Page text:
FAYETTEVILLE — Jimmy Dykes will receive $450,000 annually as Arkansas’ women’s basketball coach.
Dykes’ letter of agreement with the Razorbacks was obtained through a Freedom of Information request Monday, outlining the details of his four-year contract.
Dykes will receive $250,000 annually in base pay and $200,000 more for speaking engagements and other appearances. The letter of agreement also includes athletic incentives that could pay him up to $325,000 more annually. Dykes could add up to $12,000 more for academic achievement incentives as well.
His letter of agreement also contains financial incentives for ticket sales. Dykes would receive $10,000 for 1,500 season tickets sold or $20,000 for 2,000 season tickets. He could earn $20,000 more if Arkansas has an average total paid attendance of 5,000 or more a season, according to the letter of agreement.
“I’m a pretty low maintenance guy at my core,” Dykes said about his agreement with Arkansas on Sunday. “Money doesn’t drive me. (Athletic director) Jeff (Long) has made a good commitment to me there, so at the end of the day, money was not the issue. Maybe even taking a little bit of a pay cut, to be honest with you. But I’m pouring myself into something, that again, for this job, maybe not for other jobs, but for this job, I think I’m the best person in the country right now.”
Dykes would owe the university the base total of his annual salary ($250,000) for each year remaining on his contract if he left the program. Arkansas also would owe Dykes his annual base salary for any year remaining on his contract — with partial years prorated — if he were terminated for convenience by the program.
Dykes contract also includes a non-compete clause, which prohibits him from leaving for another Southeastern Conference program during the length of his agreement with the Razorbacks.
Arkansas was paying former coach Tom Collen, who was fired earlier this month, $415,691 annually. The Razorbacks still must pay Collen $250,000 a year for the final two years of his contract under the terms of his buyout agreement.
Beth Bass, who is the CEO of the Women’s Basketball Coaches Association, spoke out about Arkansas’ decision to hire Dykes on Monday.
It wasn’t a statement of overwhelming support. In fact, Bass called the decision to hire Dykes — who has never been a women’s basketball coach or a head coach — “disappointing” before welcoming him to women’s basketball.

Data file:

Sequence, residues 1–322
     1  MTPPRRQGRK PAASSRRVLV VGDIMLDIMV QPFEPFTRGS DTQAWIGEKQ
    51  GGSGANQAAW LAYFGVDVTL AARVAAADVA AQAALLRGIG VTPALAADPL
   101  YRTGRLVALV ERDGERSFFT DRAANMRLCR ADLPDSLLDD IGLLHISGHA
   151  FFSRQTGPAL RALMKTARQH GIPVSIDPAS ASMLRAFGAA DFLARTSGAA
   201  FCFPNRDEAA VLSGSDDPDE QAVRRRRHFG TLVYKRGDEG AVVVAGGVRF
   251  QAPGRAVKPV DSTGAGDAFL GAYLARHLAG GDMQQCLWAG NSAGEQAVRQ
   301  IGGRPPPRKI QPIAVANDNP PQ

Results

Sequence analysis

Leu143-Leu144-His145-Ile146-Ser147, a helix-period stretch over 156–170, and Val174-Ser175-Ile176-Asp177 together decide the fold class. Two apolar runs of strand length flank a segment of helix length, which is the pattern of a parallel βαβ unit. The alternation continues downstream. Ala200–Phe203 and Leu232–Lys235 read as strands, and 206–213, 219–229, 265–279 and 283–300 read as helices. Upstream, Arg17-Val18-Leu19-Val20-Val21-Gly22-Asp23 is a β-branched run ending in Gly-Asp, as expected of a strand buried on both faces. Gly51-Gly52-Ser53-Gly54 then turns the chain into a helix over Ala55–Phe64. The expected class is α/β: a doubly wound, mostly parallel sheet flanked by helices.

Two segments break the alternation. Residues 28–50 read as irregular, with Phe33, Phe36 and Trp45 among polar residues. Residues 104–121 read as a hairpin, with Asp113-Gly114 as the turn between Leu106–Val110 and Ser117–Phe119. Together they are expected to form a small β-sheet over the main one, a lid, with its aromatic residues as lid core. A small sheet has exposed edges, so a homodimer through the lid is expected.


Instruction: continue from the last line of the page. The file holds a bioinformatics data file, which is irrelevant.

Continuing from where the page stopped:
“Arkansas’s decision to hire someone who has not coached basketball in 23 years is disappointing to the multitude of more-than-qualified coaches who are members of our association,” Bass said in a statement on the WBCA’s website.
“That being said, in this post ‘Val Ackerman white paper era,’ we all are placing renewed emphasis on reinvigorating the growth of our sport by promoting women’s basketball programs within our respective communities in the belief that the renewed fan interest will trickle up. The WBCA, in fact, is conducting a daylong seminar on this very subject this Friday in Nashville.
“If the Arkansas administration believes Jimmy Dykes, because of his celebrity, his ties to the university, and to the Fayetteville community, is the best person to reinvigorate support for and fan interest in Razorback women’s basketball, then we will not second guess them from afar. I welcome Jimmy to the women’s basketball community and look forward to working with him to grow our game. And I certainly hope to see him this weekend at the WBCA National Convention in Nashville.”
The WBCA was founded in 1981 to promote women’s basketball by “unifying coaches at all levels to develop a reputable identity for the sport.”
Two assistants staying
Dykes will have to hire a staff for the first time in his career, but said Sunday night two spots already have been filled. Tari Cummings and Amber Shirey, who were assistants under Tom Collen, will remain on staff.
“I can speak for myself and probably for the team, saying that change is scary,” Arkansas guard Calli Berna said. “So the fact that he’s keeping two of our assistant coaches that know us well, they know everything about us. So I think that’s helpful for us to have them there, lean on them during this change.”
Dykes said he still has two spots to fill on his staff, but plans to take his time.
“I’m not going to be a in a hurry,” Dykes said. “National signing date is coming up in a couple of weeks. We have room for another player or two if the right one’s out there. If we can get them fine. If not, I’m fine with who we have and the ones coming in. It’s more important for me now to take my time. My phone has blown up with a lot of people wanting to talk to me. So I’ll just wait and see who’s the best.”
One of Dykes’ first priorities is taking and passing an NCAA recruiting test.
Coaches must pass the test about NCAA recruiting rules and regulations before they are permitted to speak with prospects. Dykes said he hoped to pass on the first try.
“I’ve had friends in coaching before who said they didn’t do it on the first try, but that will be my goal,” Dykes said Sunday night. “I’ll get locked in on that recruiting test starting probably about midnight (Sunday).”